Practical Carriage Building
Compiled by M.T. Richardson, Vol.1. 1891
Taking the Dish out of Wagon Wheels
Being a wheelwright and blacksmith, I will give my practical experience in tightening spokes in the hubs and taking the dish out of wheels. But let me here remind the craft that a wheel being thus worked over is not as good as the newly filled.
First, I have found it impossible to set the tire on a wheel that has become very much dished, and make a good job. My usual method is therefore to place the wheel on my wheel block, and screw it down as though I was going to put in new spokes. I mark all of the felloes and knock them off; then a few light blows with a hammer on the face of the spoke, about one-third of the distance from the hub to the point of the spoke, will usually drive it out, and it will generally look as in Fig. 148. I then trim off the front of the tenon to make it straight with the face of the spoke, or in line with the shoulder of the felloe, as some of the spokes may be sprung from the strain which caused the wheel to become dished.
Fig. 149 shows how the spoke and wedge are made to fit in the hub. I use hard wood—hickory or oak—to make my wedges, the shape and length of which depends upon how much is taken off on the front of the tenon. If much space is to be filled, I make my wedge the length of the tenon, and lay it in the back side of the mortise; or, if there is but little space to fill, I split the tenon from a quarter to a half inch from the back, and start the wedge, which is driven up by butting against the box. With a piece of hard wood with a hole in it to fit the felloe tenon, and as thick as the tenon is long, I am ready to redrive the spokes, which may be driven to a gauge, as new ones are, and without bruising the tenon. The dotted lines show the shape of the tenon and how the wedge fills. I then mortise and set the spoke to its original position. When the spokes are driven I replace the felloes, and if there is a space at each joint, cut a piece of leather, and put at each joint one or as many as are required to fill the space; or, still better, bore the tenons off enough to let the joints come together; or crack the end of the tenon that comes through the felloe, wedge and drive the felloe up loose, and cut the tenons smooth with the felloe. To avoid having my wheel felloe-bound, I leave about an eighth of an inch space, which is ascertained by driving a wedge in one of the joints, measuring the neat length around the wheel, leaving out this space, and giving the tire from a quarter inch to three-eighths inch draw. I never heat the tire red hot, as it chars the wood and the coals will pulverize dust out and cause the tire to get loose, if it does not do so from any other cause.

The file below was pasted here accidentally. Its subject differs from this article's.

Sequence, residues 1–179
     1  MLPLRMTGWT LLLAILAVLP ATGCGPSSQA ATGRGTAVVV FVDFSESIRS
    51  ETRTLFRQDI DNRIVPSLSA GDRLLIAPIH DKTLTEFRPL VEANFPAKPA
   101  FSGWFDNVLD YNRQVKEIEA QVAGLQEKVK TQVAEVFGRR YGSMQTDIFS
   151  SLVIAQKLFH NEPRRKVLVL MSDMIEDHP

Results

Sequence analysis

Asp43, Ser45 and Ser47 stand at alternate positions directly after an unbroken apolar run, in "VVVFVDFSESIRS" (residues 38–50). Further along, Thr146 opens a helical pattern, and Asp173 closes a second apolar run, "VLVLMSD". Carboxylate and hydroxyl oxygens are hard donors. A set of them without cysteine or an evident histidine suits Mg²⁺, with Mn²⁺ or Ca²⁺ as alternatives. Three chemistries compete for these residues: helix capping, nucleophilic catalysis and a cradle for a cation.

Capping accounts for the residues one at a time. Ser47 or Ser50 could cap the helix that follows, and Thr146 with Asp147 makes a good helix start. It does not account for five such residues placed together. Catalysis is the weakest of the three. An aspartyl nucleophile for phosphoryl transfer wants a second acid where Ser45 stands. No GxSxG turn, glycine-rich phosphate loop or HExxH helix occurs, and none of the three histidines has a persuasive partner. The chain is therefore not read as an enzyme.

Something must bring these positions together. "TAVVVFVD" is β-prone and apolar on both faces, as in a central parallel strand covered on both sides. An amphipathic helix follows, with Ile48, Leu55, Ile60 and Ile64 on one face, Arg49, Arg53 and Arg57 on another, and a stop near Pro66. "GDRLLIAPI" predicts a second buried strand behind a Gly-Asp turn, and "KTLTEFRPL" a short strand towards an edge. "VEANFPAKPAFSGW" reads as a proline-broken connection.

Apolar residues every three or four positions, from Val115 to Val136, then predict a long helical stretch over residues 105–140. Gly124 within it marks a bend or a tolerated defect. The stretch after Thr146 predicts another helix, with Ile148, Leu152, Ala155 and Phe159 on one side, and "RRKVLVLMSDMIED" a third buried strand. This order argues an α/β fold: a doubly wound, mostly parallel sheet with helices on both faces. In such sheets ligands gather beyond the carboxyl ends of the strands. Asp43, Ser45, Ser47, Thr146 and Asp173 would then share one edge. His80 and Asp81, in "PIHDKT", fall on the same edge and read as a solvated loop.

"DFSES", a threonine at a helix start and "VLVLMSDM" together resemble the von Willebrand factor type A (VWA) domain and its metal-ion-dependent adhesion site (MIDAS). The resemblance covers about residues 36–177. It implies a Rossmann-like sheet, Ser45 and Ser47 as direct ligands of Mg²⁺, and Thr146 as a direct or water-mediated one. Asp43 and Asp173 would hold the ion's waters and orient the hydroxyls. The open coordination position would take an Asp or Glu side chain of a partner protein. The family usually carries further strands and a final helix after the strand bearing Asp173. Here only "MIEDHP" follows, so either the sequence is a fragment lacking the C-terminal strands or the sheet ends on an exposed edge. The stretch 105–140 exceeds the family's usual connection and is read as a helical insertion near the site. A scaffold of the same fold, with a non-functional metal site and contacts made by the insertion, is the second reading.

Fig. 150 shows the spoke after it has been trimmed, and also shows how the wedge is inserted. prefer to oil the felloes thoroughly before the tires are set, thereby preventing the wood from absorbing moisture, which would cause it to swell; the tire, being unyielding, the wood is compressed, and perhaps the wheel is again dished, and the tire needs setting again. This extra work and expense cannot be incurred for nothing. I mention these facts to my customer, and if he is unwilling to pay the extra charge, he cannot blame me if, after the first good soaking rain, and when dry again, his tires are loose.
The climate in the South is very trying to wagons. It is so dry and hot in the summer that timber shrinks to its smallest dimensions, and then the long continued rains of the winter complete the ruin of a wagon in about five years, if it is not painted and properly cared for.
I would here remark that a set of wheels made of bois d'arc timber are proof against any of the contingencies I have mentioned. I reset the tires on a set of wheels of that wood about fifteen years ago, that had never been oiled or painted, and they are as tight to-day as when first set, and have not been loose since. If all wagons ere made of this timber, the blacksmith would get only one job of setting tires, for then they are tight indefinitely, and the painter is dispensed with entirely.— By D. AV. C. H.